On the other hand, conventional foam has a variety of uses. It also features a molecular structure and composition that requires far less manual labor, resulting in reduced manufacturing costs. As such, regular foam is comparatively cheap when compared to acoustic foam.

Which Should I Buy?

To decide between regular and acoustic foam, you need to consider two things: your use case and your budget. Go for regular foam if you intend to use the foam for anything other than maximizing sound quality. However, acoustic foam is the superior option if sound quality is your primary concern. 

Acoustic foam is always the better option to block sounds from other rooms or outdoor environments. It can also help keep sound contained, preventing you from driving your neighbors or roommates crazy while loudly practicing or recording music.

For this reason, you should buy acoustic foam if attempting to control sound within a specific room or area.

But if you’re planning a crafts project that utilizes a general type of foam, you’ll likely want to choose standard foam. Regular foam is a fantastic material when creating pillows, quilts, plushies, and other common crafts. It’s also far more affordable than acoustic foam.

Is It Hard To Acquire Acoustic Foam?

It’s not hard to acquire acoustic foam. Music stores stock them because music producers use them for their studios. Also, some companies specialize in the supply of acoustic foam, and it’s also available through some construction supply stores. 

You may want to visit your local music store to see if they have acoustic foam panels available. If they don’t, be sure to consider other in-store options and online retailers.

Where Can I Buy Acoustic Foam?

You can buy acoustic foam online and in-store from various retailers, including Amazon, Walmart, and Home Depot. You can also choose to purchase acoustic foam panels and sheets from retailers that specialize in manufacturing and selling sound-blocking products. 

Many nationwide retailers sell acoustic foam in-store and online. If your local music store doesn’t sell acoustic foam, be sure to check your local department and home improvement stores. Should you fail to find acoustic foam from these retailers, your next best option is shopping online.

Amazon carries a variety of acoustic foam panels and sheets. For example, audiosoul Acoustic Panels are a popular choice thanks to their sound absorbency and aesthetically-pleasing design. Amazon also ships products both domestically and internationally. This makes them one of the most accessible online retailers.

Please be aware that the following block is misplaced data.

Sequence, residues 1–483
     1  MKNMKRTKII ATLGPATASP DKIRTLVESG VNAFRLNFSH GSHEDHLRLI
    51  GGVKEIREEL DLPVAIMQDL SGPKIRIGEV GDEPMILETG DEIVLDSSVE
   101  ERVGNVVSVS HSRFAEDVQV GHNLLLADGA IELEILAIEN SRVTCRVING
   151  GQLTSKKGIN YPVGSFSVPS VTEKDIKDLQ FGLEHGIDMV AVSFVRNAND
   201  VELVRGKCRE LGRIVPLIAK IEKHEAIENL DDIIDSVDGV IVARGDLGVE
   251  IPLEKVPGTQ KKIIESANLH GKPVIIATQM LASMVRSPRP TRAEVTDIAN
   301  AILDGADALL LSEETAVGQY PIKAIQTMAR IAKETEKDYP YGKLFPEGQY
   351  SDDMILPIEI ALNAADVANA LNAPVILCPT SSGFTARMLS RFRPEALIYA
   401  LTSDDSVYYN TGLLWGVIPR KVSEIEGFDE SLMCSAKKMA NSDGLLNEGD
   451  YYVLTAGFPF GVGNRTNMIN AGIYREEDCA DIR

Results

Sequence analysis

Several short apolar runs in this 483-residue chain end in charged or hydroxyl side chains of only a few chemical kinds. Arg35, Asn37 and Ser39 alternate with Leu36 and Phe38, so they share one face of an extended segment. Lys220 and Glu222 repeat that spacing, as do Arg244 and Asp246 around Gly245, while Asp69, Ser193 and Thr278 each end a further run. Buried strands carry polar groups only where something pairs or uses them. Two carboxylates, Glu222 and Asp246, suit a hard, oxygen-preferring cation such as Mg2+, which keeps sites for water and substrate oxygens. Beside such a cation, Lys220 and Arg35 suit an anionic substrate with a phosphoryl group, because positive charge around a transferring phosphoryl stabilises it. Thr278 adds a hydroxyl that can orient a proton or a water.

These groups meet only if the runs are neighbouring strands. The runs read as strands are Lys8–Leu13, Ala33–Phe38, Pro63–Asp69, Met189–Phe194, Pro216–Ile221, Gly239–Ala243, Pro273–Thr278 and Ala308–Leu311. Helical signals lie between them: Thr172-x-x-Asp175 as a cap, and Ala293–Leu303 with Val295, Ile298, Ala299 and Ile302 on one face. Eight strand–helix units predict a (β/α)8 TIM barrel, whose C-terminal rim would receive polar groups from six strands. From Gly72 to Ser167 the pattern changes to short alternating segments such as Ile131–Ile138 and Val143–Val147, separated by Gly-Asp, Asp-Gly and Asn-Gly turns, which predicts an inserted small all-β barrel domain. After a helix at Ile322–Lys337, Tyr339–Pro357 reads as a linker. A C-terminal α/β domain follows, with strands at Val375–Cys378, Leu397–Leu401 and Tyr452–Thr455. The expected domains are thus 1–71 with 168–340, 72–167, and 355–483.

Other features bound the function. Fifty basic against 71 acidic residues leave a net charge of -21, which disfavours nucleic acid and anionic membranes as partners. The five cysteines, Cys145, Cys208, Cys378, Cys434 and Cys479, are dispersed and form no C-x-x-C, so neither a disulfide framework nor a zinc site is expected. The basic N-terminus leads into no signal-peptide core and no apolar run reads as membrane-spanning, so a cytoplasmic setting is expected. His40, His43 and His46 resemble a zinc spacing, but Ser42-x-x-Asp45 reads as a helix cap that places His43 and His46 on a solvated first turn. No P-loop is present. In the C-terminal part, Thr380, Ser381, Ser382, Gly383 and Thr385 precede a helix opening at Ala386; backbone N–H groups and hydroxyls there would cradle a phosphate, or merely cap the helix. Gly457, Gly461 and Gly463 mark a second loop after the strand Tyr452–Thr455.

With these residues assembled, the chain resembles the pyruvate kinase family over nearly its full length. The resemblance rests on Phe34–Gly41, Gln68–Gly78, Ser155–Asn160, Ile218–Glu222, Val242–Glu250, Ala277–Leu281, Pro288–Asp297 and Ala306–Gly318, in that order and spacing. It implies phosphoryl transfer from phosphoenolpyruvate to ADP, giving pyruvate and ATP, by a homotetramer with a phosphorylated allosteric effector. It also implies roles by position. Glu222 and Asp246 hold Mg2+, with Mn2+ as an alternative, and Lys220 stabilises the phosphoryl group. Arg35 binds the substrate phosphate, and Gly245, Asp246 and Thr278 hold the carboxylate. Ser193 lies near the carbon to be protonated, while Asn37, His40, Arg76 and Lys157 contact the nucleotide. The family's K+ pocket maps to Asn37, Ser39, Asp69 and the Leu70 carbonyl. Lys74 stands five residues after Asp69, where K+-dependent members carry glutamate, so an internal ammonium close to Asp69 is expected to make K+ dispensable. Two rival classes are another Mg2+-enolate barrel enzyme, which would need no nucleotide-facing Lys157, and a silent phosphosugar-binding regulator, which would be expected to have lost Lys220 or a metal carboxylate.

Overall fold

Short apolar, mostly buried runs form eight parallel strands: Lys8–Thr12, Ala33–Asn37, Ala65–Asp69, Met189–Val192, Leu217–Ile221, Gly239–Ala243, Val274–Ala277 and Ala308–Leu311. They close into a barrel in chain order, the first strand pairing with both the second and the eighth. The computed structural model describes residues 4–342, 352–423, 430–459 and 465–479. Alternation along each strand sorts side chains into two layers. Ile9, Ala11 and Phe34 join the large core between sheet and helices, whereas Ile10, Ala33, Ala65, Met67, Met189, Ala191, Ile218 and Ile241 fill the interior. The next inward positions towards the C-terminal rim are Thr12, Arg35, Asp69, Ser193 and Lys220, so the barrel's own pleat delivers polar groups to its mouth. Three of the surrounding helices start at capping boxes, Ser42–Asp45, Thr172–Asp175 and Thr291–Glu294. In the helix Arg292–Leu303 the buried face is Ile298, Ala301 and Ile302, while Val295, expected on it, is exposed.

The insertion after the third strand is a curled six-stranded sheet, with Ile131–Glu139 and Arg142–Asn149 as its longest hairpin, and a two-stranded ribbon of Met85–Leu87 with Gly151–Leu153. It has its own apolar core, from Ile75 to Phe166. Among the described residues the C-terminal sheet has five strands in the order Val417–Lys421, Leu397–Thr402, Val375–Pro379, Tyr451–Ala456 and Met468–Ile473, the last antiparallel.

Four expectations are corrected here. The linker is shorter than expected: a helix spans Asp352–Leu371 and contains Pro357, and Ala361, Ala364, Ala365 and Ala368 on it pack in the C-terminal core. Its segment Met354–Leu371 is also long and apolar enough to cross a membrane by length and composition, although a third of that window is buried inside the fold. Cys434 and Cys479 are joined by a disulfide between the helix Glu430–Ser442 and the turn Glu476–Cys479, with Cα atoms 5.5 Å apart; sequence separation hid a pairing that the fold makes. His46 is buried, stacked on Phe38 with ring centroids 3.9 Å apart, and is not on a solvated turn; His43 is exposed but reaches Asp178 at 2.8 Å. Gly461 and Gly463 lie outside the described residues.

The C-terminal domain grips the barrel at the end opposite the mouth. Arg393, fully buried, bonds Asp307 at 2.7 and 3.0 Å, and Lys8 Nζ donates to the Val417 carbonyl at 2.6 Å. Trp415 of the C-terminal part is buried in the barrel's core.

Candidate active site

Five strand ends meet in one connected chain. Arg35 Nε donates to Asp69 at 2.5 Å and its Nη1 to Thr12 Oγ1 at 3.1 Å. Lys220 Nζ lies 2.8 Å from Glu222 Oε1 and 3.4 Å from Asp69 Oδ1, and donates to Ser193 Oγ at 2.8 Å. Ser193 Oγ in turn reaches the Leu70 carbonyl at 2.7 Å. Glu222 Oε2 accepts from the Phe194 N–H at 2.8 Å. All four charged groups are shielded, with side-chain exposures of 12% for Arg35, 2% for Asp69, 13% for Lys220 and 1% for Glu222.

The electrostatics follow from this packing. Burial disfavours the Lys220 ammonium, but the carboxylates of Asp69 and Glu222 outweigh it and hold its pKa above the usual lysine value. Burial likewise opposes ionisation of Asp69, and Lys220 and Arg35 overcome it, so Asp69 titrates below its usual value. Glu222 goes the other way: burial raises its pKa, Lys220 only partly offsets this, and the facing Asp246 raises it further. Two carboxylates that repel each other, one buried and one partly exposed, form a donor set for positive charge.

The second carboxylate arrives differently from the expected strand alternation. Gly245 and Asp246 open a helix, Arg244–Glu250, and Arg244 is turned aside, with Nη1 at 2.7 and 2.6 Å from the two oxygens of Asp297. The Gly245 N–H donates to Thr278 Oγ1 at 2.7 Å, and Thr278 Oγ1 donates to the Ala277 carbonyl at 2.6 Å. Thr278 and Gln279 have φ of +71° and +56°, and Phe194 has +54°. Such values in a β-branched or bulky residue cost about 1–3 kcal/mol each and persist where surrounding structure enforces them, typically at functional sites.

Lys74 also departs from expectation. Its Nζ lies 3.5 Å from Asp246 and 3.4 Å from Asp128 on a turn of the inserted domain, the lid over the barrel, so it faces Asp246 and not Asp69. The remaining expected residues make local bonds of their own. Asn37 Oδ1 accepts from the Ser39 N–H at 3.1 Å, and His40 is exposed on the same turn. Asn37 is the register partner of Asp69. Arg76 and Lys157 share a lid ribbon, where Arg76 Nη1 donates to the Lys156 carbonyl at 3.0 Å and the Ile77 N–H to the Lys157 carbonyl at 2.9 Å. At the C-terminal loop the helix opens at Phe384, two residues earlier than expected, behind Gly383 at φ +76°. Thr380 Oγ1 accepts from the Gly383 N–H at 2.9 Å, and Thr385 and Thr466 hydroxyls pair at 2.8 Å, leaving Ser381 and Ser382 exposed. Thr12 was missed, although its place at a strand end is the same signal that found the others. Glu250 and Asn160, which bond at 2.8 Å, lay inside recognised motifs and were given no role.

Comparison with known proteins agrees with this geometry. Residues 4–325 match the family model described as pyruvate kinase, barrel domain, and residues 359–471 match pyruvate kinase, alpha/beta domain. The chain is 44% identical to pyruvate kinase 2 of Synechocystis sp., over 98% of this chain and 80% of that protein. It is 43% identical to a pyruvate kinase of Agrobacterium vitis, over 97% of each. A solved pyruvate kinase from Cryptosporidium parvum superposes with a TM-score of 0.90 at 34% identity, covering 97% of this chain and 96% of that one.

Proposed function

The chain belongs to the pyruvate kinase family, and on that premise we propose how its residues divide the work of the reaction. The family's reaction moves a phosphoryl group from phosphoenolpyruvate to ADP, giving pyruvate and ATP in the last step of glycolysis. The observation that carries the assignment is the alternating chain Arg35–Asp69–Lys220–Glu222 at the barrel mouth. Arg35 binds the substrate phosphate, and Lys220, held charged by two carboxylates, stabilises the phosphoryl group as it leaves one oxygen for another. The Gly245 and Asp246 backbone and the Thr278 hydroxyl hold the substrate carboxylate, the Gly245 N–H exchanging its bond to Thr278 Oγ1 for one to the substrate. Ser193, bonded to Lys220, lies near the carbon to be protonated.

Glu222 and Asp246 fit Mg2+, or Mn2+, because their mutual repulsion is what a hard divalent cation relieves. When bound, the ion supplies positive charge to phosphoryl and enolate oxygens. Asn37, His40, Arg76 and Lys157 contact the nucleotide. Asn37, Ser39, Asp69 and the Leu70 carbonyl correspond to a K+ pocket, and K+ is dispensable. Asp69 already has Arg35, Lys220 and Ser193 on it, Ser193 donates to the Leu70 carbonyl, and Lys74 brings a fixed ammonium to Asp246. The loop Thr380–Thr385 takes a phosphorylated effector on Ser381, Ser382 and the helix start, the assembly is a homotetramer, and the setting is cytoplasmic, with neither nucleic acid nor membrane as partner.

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  • ★ Professional Sound Absorbing Properties - Acoustic foams are installed to reduce noise pollution as they remove echoes and background sounds not by blocking the sound but by absorbing it. Acoustic foams are used to control the reverberation sounds make and this is quite different from soundproofing. Use our acoustic foam to treat any sized areas including acoustic studio, recording booths, control rooms and radio studios. They effectively delete standing waves and flutter.
  • ★ Quality - Our Acoustic Foam Panels are made with flexible, professional grade acoustic foam, made for quality sound absorption in a variety of soundproofing projects. The foam is dense and consistent in firmness, so acoustic absorption performance will also be consistent.
  • ★ More Comfort/Less Stress - The most common problem in large rooms with high ceilings is that of echo. An echo creates multiple wavelengths of retracting sound waves that interfere with the conversations in the room. Acoustic foam panels absorb unwanted sound such as echoes and noise from surrounding areas, making other sounds clearer.

Last update on 2022-05-27 / Affiliate links / Images from Amazon Product Advertising API

However, you can also choose to purchase online from smaller retailers like Acoustical Solutions. This company sells acoustic panels, fabrics, and foams. They also offer a variety of soundproofing materials for windows, doors, ceilings, and floors. As such, they’re a top-notch retailer for those looking to soundproof a recording studio.

Final Thoughts

While acoustic foam and regular foam look and feel similar, there are several important differences between them. 

Acoustic foam exhibits superior performance to regular foam in improving the sound quality across every conceivable metric. Due to the material’s structural composition, it has much better sound absorption properties than regular foam. It’s also much more durable because it tends to be installed where people and/or equipment are constantly on the move.

The one major drawback associated with acoustic foam is that it’s expensive and may be out of reach to somebody operating on a tight budget. 

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Vinnie

I'm Vinnie, and I'm here to support you to create your own studio at home, whether it’s for photography, recording audio, podcasts, or videos!